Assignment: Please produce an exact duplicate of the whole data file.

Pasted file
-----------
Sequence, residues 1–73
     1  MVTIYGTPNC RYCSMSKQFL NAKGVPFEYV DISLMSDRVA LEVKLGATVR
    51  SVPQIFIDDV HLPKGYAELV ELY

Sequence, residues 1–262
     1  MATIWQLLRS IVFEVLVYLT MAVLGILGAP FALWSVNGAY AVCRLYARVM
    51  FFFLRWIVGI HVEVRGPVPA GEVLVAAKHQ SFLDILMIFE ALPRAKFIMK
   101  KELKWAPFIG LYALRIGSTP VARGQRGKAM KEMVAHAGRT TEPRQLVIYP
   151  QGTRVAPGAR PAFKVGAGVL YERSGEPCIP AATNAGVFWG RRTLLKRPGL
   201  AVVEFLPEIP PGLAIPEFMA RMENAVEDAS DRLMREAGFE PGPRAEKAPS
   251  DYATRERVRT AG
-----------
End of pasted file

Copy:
Sequence, residues 1–73
     1  MVTIYGTPNC RYCSMSKQFL NAKGVPFEYV DISLMSDRVA LEVKLGATVR
    51  SVPQIFIDDV HLPKGYAELV ELY

Sequence, residues 1–262
     1  MATIWQLLRS IVFEVLVYLT MAVLGILGAP FALWSVNGAY AVCRLYARVM
    51  FFFLRWIVGI HVEVRGPVPA GEVLVAAKHQ SFLDILMIFE ALPRAKFIMK
   101  KELKWAPFIG LYALRIGSTP VARGQRGKAM KEMVAHAGRT TEPRQLVIYP
   151  QGTRVAPGAR PAFKVGAGVL YERSGEPCIP AATNAGVFWG RRTLLKRPGL
   201  AVVEFLPEIP PGLAIPEFMA RMENAVEDAS DRLMREAGFE PGPRAEKAPS
   251  DYATRERVRT AG